Michael Wolff has always been attracted to the nurturing professions: For 10 years, he was a mental health worker by day and a sex worker by night.

“I wanted to help people, and though working with mentally ill people was incredibly draining, it fulfilled me,” he says. But not entirely. Wolff’s day job didn’t meet all his financial or emotional needs, so -- unbeknownst to his coworkers -- he pursued a double life.

“At first it was about the money, but prostitution is addictive,” Wolff says.“I was trying to fill a void left by the love and affection I didn’t get as a child.” Wolff never came out to his strict, repressive family -- which he describes as “very German” -- either about being gay or testing positive for HIV in 1992.

Though Wolff wasn’t exactly surprised by his diagnosis, he was distressed. “I hid in my room for several days, trying to process what was happening,” he says. “I saw myself dying in a hospital bed somewhere, and I realized that wasn’t whatI wanted.”

Wolff began reading about spirituality, metaphysics and meditation. He was especially drawn to books about near-death experiences and about PWAs who turned the course of the virus around through visualization. “I knew that I would never be in control of my physical health if I wasn’t spiritually healthy as well,” he says. That meant quitting both his day job and his moonlighting gig, which Wolff describes as “toxic on an emotional level.”

Soon he was studying positive visualization techniques and Reiki -- a form of hands-on healing. Next came a course on therapeutic massage in Hawaii, prompted by Wolff’s belief that touch is crucial to the healing process.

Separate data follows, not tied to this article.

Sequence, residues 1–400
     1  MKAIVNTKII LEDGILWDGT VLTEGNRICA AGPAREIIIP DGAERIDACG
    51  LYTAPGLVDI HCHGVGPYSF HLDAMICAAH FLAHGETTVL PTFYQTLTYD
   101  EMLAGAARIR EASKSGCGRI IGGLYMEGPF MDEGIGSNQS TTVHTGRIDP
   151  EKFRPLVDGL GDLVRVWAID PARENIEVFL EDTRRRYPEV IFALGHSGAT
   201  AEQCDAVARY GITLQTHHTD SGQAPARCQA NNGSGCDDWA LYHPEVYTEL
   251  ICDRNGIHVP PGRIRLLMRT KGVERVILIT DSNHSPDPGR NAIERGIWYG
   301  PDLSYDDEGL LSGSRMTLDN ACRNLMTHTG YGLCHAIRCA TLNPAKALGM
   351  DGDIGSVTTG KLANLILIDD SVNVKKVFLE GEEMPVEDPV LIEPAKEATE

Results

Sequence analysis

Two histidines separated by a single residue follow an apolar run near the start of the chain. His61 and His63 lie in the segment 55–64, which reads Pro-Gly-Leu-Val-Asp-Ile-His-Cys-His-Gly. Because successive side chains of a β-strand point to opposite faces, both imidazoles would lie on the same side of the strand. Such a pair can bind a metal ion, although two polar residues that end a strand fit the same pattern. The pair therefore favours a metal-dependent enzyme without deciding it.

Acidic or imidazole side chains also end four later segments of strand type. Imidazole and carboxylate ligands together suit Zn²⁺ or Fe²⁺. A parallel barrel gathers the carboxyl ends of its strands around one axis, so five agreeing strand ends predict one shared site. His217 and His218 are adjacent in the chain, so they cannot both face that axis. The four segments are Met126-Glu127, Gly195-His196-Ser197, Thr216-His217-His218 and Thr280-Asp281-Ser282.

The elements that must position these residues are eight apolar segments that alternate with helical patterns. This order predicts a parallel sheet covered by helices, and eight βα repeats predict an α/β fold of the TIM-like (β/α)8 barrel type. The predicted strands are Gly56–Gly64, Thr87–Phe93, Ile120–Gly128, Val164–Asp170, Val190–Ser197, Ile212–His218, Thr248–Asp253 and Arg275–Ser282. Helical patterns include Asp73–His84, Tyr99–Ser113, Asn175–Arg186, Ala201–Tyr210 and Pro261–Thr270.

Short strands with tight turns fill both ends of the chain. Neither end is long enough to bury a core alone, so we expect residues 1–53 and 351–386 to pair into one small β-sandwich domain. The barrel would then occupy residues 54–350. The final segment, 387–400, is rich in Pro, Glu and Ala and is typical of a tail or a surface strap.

“There’s a real need for touch among people with HIV,” says Wolff, who recently opened a massage therapy practice in Vancouver, Canada that specializes in treating people with HIV. “I’ve had clients break down crying on the table, telling me nobody has touched them for years.”

Wolff’s spiritual journey prompted him to realize how much of his life’s energy he had spent on trying to please other people. Take his life-long love of sports -- particularly track and field. “I had always been athletic,” he says, citing the former impetus for his fitness regimen as buns of steel and devastating pecs designed to attract men. And now? “I go to the gym to feel good and be healthy. As a result I’ve never been in such good shape.”

Despite his doctor’s advice and a CD4 count of 390, Wolff is sticking to a natural-health regimen in lieu of antiretroviral therapy, including protease inhibotors. “I’m feeling great and that’s what’s important -- not numbers on a blood test,” he says.

Clearly it’s working for him: Wolff recently completed the Keaha (Hawaii) half Iron Man triathlon, and half an Iron Man is more than most whole men could handle, requiring a 1.2-mile swim, 56-mile bike and 13.5-mile run. He finished the event in a phenomenal five hours. Says Wolff: “I wanted to show that HIV doesn’t have to stop you.”